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Thread: Setting Starrett depth mike

  1. #1
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    Default Setting Starrett depth mike

    I need to calibrate three new rods for my Starrett depth mic. they are 6-7, 7-9, and 8-9 lenghts. Does anyone know how to go about this without having a standard for those lenghts? I have a DRO on the mill I though maybe I could use but I have not come up with a set up for that. Any help would be apprecated.
    Last edited by rolland; 06-17-2009 at 09:22 PM.

  2. #2
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    You're going to have to have some sort of standard, if the calibration is to be at all accurate. Even if your DRO is absolutely accurate, it'd be a tricky project to measure the rods- an edge finder or other indicator may introduce it's own error.

    If it were me, I'd try to find a local machine shop that has a decent metrology lab, and see if you can slip the tech twenty bucks to set it.

    That or maybe a board member here might do it for you for tyhe cost of shipping. I'd volunteer, but my plates are already way too full.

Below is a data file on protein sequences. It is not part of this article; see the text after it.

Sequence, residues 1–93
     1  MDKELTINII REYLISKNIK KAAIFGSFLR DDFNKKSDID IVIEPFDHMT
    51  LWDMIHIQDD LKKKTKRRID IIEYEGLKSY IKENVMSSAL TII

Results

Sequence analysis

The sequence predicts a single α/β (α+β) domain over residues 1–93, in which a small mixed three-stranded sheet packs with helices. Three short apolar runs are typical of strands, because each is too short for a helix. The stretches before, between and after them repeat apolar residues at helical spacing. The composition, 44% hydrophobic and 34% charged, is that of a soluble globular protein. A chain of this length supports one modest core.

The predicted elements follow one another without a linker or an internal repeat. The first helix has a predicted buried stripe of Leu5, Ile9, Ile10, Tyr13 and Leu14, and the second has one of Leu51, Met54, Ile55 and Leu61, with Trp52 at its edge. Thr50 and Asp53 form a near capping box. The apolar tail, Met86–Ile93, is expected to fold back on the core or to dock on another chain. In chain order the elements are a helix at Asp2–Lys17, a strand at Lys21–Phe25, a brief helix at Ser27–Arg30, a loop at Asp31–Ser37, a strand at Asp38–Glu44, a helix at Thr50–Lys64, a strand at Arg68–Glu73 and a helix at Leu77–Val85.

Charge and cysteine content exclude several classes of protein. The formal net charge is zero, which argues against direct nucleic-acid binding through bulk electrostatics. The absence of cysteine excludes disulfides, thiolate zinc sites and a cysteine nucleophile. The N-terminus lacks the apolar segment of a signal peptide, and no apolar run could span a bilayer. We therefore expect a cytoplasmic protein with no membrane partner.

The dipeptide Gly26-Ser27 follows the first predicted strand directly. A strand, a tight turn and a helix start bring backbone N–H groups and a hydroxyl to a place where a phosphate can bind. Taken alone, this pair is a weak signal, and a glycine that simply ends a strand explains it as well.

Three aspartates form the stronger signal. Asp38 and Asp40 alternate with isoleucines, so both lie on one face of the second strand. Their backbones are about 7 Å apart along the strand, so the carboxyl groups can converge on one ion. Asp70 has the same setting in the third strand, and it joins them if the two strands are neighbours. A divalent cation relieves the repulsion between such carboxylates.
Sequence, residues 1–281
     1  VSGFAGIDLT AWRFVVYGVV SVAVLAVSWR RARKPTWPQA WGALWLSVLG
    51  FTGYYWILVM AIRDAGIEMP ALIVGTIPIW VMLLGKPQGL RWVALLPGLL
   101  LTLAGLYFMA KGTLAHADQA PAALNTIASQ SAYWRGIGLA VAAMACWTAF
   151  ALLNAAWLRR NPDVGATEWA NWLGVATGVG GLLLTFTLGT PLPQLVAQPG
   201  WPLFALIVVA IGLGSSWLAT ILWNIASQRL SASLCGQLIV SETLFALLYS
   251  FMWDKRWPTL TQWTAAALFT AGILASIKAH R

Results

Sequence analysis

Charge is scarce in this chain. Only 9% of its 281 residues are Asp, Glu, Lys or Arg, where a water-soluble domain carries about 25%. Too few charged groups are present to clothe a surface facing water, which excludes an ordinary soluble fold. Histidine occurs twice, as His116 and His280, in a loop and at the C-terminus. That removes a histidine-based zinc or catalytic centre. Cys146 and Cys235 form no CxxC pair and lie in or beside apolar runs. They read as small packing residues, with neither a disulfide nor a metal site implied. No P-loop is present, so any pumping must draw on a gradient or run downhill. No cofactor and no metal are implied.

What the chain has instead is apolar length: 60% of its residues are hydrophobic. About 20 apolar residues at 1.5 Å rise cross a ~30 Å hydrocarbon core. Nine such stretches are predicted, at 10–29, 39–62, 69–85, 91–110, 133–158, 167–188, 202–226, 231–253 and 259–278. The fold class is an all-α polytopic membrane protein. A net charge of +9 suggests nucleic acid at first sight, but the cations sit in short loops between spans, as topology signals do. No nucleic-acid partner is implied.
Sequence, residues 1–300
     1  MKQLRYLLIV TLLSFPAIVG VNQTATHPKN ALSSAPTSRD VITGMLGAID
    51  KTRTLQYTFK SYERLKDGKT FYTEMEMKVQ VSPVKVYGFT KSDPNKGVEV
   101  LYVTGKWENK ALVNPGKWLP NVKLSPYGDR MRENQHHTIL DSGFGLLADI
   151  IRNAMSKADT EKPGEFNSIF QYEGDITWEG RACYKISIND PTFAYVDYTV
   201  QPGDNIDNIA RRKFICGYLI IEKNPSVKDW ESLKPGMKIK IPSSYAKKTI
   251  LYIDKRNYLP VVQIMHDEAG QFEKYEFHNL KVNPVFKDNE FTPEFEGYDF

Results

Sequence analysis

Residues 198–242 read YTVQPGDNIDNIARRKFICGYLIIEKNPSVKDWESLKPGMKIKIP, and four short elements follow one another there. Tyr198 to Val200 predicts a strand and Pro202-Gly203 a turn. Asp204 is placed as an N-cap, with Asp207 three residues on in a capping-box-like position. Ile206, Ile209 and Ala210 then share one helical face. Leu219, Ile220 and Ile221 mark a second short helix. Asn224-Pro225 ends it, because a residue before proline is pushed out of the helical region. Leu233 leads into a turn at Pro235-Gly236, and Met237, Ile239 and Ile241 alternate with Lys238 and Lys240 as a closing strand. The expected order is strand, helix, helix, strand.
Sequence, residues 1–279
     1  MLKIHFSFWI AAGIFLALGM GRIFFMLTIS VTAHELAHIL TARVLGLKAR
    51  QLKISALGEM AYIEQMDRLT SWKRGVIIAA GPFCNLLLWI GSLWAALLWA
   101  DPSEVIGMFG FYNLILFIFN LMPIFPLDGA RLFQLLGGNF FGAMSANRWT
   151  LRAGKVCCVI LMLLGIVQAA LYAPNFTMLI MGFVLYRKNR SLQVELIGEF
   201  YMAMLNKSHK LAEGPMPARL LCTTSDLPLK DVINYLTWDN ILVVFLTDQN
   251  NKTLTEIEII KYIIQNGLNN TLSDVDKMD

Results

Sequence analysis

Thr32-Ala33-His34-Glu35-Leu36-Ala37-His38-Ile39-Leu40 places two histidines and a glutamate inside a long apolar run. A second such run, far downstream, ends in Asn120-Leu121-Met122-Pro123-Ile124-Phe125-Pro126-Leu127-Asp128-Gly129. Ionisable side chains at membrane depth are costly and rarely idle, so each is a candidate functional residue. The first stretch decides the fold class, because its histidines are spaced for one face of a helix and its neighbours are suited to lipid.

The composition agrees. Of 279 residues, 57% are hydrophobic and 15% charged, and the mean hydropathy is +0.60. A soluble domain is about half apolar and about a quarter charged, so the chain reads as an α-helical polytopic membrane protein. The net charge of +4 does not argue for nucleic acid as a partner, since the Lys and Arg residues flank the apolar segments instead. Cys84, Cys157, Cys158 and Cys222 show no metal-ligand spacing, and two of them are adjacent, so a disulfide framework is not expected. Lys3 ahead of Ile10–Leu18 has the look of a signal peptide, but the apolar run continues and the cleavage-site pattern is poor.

Doc.
    Doc's Machine. (Probably not what you expect.)

  3. #3

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    Do you have outside micrometers in that range that you trust? If so, you could make a comparative measurement to anything that comes to hand with good enough surfaces to be repeatable. 1-2-3 bocks, even if not gauge accuracy could be compared as setting gauges.

    The mill DRO wouldn't be gauge standard either but it would give you a head start. My best shot would be making up a block within the range of each of your new rods and if necessary screwing a block to one end for a step like you would measure with the depth mic. Set horizontally on the mill table, you can use an edge finder, zeroed at one end to find the length of the step as the DRO measures it. Then use the depth mic and set the rod so the mic gives the same reading.
    .
    "Opportunity is missed by most people because it is dressed in overalls and looks like work." Thomas Edison

  4. #4
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    You could buy a surface plate and a set of gage blocks for under $100 and it would get you close enough for most home shop purposes.